Economic Systems: Socialism and Capitalism Essay
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I have observed that when Americans discuss the relative merits of socialism vs. capitalism, the chief debates that come up are
• What would happen if we remove the stimulus for innovation and productivity that a free market generates? This implies having a free market including individual ownership and control, and to varying degrees a laissez-faire government.
• Would it be possible to have a thriving society in which we would not have 20% of the population living in poverty and without adequate healthcare, housing or economic security?
Fundamentally, we characterize and differentiate capitalism from socialism by the way they handle production (industry), distribution, and exchange (trade) of wealth and goods. In capitalism, capital…show more content…
It was also at this time that monopolization became widespread. Eventually, incorporated entities became able to perform many of the actions of individuals such as being able buy and sell property, hold patents, sue and be sued, etc. (Peavler).
The philosophy, such as proposed by Adam Smith, came to be that an economy has a natural design. Left to its own devices -- and removed from politics, religion and all other pursuits -- it will regulate itself as long as no one throws a spoke in the wheel and everyone benefits. The government's only real role in capitalism became to maintain peace and order so the economy can work without interruption (Newman).
In its purest sense, a socialist economy communally controls the production, distribution and exchange of resources. This community control is implemented by the state through a central government acting on behalf of the citizens. The roots of socialism lie in Thomas Moore’s idea of a utopian society. During the 18th and 19th centuries the industrial revolution and concomitant urbanization, resulted in increasing concentration of wealth and power (Hoyt).
Many feared that the freedom to engage in capital mercantilism had the natural consequence of
Their distinctions are many, but perhaps the fundamental difference between capitalism and socialism lies in the scope of government intervention in the economy. The capitalist economic model allows free market conditions to drive innovation and wealth creation; this liberalization of market forces allows for the freedom of choice, resulting in either success or failure. The socialist-based economy incorporates elements of centralized economic planning, utilized to ensure conformity and to encourage equality of opportunity and economic outcome.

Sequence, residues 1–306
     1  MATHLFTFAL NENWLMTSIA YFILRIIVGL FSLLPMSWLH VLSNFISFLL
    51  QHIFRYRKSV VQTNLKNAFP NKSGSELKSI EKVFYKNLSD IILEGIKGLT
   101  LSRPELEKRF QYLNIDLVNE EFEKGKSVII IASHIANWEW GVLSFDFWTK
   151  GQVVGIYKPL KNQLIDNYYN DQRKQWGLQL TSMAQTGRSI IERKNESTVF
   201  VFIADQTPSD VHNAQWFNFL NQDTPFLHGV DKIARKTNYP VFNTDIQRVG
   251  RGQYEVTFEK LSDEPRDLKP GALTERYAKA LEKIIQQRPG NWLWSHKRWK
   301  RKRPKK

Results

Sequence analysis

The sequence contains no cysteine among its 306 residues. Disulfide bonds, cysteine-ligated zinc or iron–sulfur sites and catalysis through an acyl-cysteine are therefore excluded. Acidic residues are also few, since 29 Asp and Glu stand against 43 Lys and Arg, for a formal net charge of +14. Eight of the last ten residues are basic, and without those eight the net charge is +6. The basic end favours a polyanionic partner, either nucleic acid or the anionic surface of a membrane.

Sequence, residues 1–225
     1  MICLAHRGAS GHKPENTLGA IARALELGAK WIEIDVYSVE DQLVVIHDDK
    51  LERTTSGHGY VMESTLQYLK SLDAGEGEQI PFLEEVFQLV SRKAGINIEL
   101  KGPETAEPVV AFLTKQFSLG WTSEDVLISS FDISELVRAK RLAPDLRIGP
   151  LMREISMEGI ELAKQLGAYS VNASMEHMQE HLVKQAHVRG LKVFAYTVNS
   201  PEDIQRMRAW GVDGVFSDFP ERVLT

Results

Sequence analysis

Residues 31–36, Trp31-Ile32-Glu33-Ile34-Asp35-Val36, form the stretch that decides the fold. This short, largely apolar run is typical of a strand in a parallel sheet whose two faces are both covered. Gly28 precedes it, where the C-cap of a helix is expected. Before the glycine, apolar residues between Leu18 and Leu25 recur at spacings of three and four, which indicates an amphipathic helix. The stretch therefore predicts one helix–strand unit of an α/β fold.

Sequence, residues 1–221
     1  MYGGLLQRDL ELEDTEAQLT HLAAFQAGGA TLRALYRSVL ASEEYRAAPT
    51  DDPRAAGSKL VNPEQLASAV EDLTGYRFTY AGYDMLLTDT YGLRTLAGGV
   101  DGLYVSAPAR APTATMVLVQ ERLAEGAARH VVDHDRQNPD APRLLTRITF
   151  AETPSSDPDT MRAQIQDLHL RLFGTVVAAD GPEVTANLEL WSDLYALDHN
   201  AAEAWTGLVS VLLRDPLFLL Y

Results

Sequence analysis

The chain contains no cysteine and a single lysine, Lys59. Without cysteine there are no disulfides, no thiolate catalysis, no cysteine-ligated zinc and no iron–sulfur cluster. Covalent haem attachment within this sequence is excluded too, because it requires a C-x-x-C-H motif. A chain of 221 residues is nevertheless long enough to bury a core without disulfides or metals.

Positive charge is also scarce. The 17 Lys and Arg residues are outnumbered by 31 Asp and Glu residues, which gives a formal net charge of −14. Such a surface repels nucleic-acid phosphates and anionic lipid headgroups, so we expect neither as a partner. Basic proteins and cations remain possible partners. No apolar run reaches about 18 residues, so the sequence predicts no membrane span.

In a capitalist economy, property and businesses are owned and controlled by individuals. In a socialist economy, the state owns and controls the major means of production. In some socialist economic models, worker cooperatives have primacy over production. Other socialist economic models allow individual ownership of enterprise and property, albeit with high taxes and stringent government controls.
The capitalist economy is unconcerned about equity (in the sense of equality). The argument is that inequality is the driving force that encourages innovation, which then pushes economic development. The primary concern of the socialist model, in contrast, is an equitable redistribution of wealth and resources from the rich to the poor, out of fairness and to ensure "an even playing field" in opportunity and outcome.
The capitalist argument is that the profit incentive drives corporations to develop innovative new products that have demand in the marketplace. It is argued that the state ownership of the means of production leads to inefficiency because without the motivation to earn more money, management, workers and developers are less likely to put forth the extra effort to push new ideas or products.
In a capitalist economy, the state does not directly employ the workforce. This can lead to unemployment during times of economic recession. In a socialist economy, the state is the primary employer. During times of economic hardship, the socialist state can order hiring, so there is full employment even if workers are not performing tasks that are particularly useful.
Some countries incorporate both the private sector system of capitalism and the public sector enterprise of socialism to overcome the disadvantages of both systems. These countries are referred to as having mixed economies. In these economies, the government intervenes to prevent any individual or company from having a monopolistic stance and undue concentration of economic power. Resources in these systems may be owned by both state and individuals.